After the debacle of my first child starting kindergarten last August, she was a shadow of her happy, bouncy self. She was exhausted and weary by mid-September. All this because she started kindergarten in the wrong school. What’s worse though is, while I know I won the lottery with her new school, her old school is only following orders from up high. The district school board and the state of Florida have their hands, pockets (and asses) deep in the system, a system that is crumbling while simultaneously shattering children’s self-esteem, burning out students of every grade, and materials being taught only to suit the answers on a specific test.  Just those 5 weeks in her old school made me so sick to my stomach with stress and anxiety that I was barely able to function. What she was exposed to in her old public school is what every student has to face across the state and it’s unacceptable. Her first week of kindergarten, she came home with an hour of homework every night, photo copies of the PARCC test  for her to fill out, and an ad nauseum regurgitation of letters that rendered homework a complete nightmare every single night. After three weeks of this, I timed her homework. It took one hour and fifteen minutes. I was done. DONE. The next morning, I told her teacher to expect her homework to routinely be returned incomplete. I was not going to subject my child to this at aged 5. The teacher, whose hands are tied thanks to the system, agreed wholeheartedly. Began talking about retiring after she warned me that the homework would only get worse after Christmas due to the EOC (End-of-Course) tests they’ll all face at the end of the year. What? The EOC for kindergarten is another set of tests – yes, I said ‘set’. The EOC for kindergarten comprises of 186 questions over the course of two weeks in May. So kindies all over the state in a public school are working solely towards this test. That’s just for math and english. Doesn’t include the tests for the other subjects!!!! Not only is this bad enough, but the tests counts for nothing for the students. It’s meant as a means of benchmarking the teachers. I happened to talk to my girl’s school principal early this week. He told me that he’s not even sure they’ll bother with the kindie EOC. He knows what his teachers are like. While the final decision hasn’t been made yet for her school (hers is a charter, so they are allowed more freedom than the standard public school), I’m going to have my ear to the ground just in case. Two weeks of testing is bad enough. Two weeks of testing that has zero merit for the child is downright ridiculous.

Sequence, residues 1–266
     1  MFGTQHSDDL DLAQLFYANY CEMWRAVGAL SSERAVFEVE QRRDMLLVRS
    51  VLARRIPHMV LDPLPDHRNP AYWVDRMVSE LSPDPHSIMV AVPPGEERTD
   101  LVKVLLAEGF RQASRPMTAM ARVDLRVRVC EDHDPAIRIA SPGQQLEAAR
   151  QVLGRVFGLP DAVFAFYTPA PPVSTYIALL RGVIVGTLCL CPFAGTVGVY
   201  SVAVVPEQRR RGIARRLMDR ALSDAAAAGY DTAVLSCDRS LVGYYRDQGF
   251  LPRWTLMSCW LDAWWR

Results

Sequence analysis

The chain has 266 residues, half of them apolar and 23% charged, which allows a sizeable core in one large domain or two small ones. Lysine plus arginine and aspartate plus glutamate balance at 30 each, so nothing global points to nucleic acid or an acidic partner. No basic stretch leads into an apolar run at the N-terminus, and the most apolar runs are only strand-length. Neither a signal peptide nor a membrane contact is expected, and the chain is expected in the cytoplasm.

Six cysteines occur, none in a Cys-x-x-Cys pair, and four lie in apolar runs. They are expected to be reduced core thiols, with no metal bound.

FSA
What time is this?

And this is just the beginning. Currently, all grades have EOC tests, and when you get to 3rd grade, you get to take the FSA (Florida Standards Assessment). Detailed info here. Initially, it doesn’t sound so bad. But then practice tests were sent home and the questions defy logic. For example, take a look at the clock. How are the hands positioned? Which is the hour and which is the minute hand?

FSA2
Answer this!

Maybe this question is better? What’s the answer??? Anyone? Anyone?  I’ll give you the answer below. When I say “answer,” I really mean I’m giving you the correct answer as designated by the test and by which the students are compared to. Expectations are that 70% of the students will fail this year. Who the hell approves and administers a testing system where 70% are expected to fail?? My hurricane is three years away from having to do the FSA but when the time comes, we know she’ll be opting out. We in no way wish to damage the school’s rating so we will follow very specific guidelines to achieve an NR2 score which will meet the minimum requirement of participation without any repercussions to the school from the district school board. There are so many examples of this test. It’s wrong. Just plainly wrong. So my obligation as a parent is to get involved. I am guilty of prior ignorance on this matter but now that I have a child in the education system, I’m listening. I really don’t like  what I am hearing. No more. I am writing this post because others may also not know about it and the more informed we are, the more we can become active, let voices be heard and stand up for our children. School isn’t school anymore, it’s a testing prep factory. And it’s time for that to end. Oh, and the answer to the question above is B. Did you get it right?